This article was published in The 30 Second Wine Advisor on Monday, Dec. 5, 2005.

WT101 - Festive holiday wines

When it's time to think about wine for a festive occasion - or a quiet evening by the fireside on a chilly night - many of us like to turn to something a little more celebratory than the wines we usually serve, and perhaps a bit more warming.

With the holiday season upon us, the joyous pop of the Champagne cork and the audible purr of pleasure that attends the opening of a bottle of fine Port are, or ought to be, as much an audible signal of the Christmas season as jingle bells or chestnuts crackling on an open fire.

But for many wine enthusiasts who've grown accustomed to the dry table wines served with dinner, sparkling wine ("bubblies") and sweet fortified wine ("stickies") can seem awfully daunting simply because these wines are different. How do you open them? How do you serve them? Do they go with food? Can they be aged?

If you'd like a little guidance in discovering these pleasures, you've come to the right place. In Wine Tasting 101, the popular monthly wine-education feature in our WineLovers' Community online forum, we'll be spending the month of December tasting both "bubblies" and "stickies" and comparing notes on good Champagnes (and other sparkling wines) as well as Ports, Madeiras and other powerful and warming dessert wines in the fortified style.

Lots of experts will be there to answer questions, and I will too; I'm also pleased to announce that international Port expert Roy Hersh, the publisher of the excellent For The Love of Port Website, has agree to serve all month as guest expert, answering questions and offering comments on Port, Madeira and other fortified wines ... and bubblies, too. Roy, a member of the Sommelier Society of Washington, D.C., and the Enological Society of Seattle, is one of only a handful of Americans selected by the Port Wine Institute (I.V.D.P. Instituto dos Vinhos do Douro e Porto) as a member of its "Confraria" or Port wine brotherhood. It's a pleasure to have him working with us this month, and I hope you'll take advantage of his generosity by dropping in on our online forum with your Port and fortified-wine questions.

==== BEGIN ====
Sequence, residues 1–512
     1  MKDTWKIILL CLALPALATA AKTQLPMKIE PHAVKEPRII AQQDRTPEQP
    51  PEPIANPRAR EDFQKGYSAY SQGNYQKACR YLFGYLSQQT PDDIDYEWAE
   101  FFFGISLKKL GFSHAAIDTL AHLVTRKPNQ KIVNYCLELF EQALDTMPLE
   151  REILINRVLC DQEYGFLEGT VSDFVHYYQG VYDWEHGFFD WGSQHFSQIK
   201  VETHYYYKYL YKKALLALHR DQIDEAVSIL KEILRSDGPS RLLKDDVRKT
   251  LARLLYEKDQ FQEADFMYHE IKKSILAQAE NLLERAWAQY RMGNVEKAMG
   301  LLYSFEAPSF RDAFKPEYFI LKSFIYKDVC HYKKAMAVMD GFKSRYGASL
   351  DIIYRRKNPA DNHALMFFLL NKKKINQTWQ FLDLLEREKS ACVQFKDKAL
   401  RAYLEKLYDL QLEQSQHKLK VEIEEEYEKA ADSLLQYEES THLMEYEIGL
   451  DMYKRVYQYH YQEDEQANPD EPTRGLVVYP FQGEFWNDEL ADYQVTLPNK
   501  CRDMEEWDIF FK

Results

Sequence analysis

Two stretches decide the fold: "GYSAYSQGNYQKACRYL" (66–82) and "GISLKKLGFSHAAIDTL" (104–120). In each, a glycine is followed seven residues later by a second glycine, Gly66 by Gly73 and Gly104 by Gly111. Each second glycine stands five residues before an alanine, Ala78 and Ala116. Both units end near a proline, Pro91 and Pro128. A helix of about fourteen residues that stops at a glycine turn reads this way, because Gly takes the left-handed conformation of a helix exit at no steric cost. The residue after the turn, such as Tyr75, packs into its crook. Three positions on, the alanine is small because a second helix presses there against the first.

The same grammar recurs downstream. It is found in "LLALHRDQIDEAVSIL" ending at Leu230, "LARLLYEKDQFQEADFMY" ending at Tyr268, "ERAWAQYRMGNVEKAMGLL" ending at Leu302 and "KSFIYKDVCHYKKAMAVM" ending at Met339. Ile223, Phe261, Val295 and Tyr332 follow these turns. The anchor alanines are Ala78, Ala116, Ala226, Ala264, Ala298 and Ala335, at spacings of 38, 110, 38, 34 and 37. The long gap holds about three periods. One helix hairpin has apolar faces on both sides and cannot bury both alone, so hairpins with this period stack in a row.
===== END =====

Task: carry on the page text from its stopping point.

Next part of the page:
To participate in Wine Tasting 101, simply click to the WT101 "folder" (section) of our WineLovers Community online. The following link will take you there. Feel free to read all the discussions, and you're most welcome to join in any of the conversations. No need to wait to be introduced!

Grand Veneur Réserve Grand Veneur 2003 Côtes du Rhône ($10.49)

This is a very dark-garnet wine with a reddish-purple edge. Red fruit, ripe and full, raspberries and red cherries and fragrant red pepper on the nose and palate. Ripe and luscious cherry-berry flavors, good acidity and smooth but perceptible tannins build structure, although the fruit is forward in the "California-like" style of the 2003 vintage in the Southern Rhone. Excellent wine, approaches Châteauneuf-du-Pape for a fraction of the price. It's a typical regional blend of 80 percent Grenache and 20 percent Syrah. U.S. Iimporter: Kysela Père et Fils, Winchester, Va. (Nov. 23, 2005)

FOOD MATCH: Good with any red meat or poultry; it made a very fine match indeed with Marcella Hazan's roast duck featured in the 30 Second Wine Advisor's FoodLetter on Nov. 24, 2005

VALUE: Exceptionally good value for this price.

WHEN TO DRINK: Although Cotes-du-Rhone Villages is by and large a wine for drinking while its bigger siblings like Chateauneuf-du-Pape age in the cellar, I wouldn't bet against this "baby Chateauneuf" improving for five years or so under good storage conditions.

Alain Jaume et Fils has an informative Website in English and French at

Here's a link to the U.S. importer's Website:

Compare prices and find vendors for Réserve Grand Veneur on

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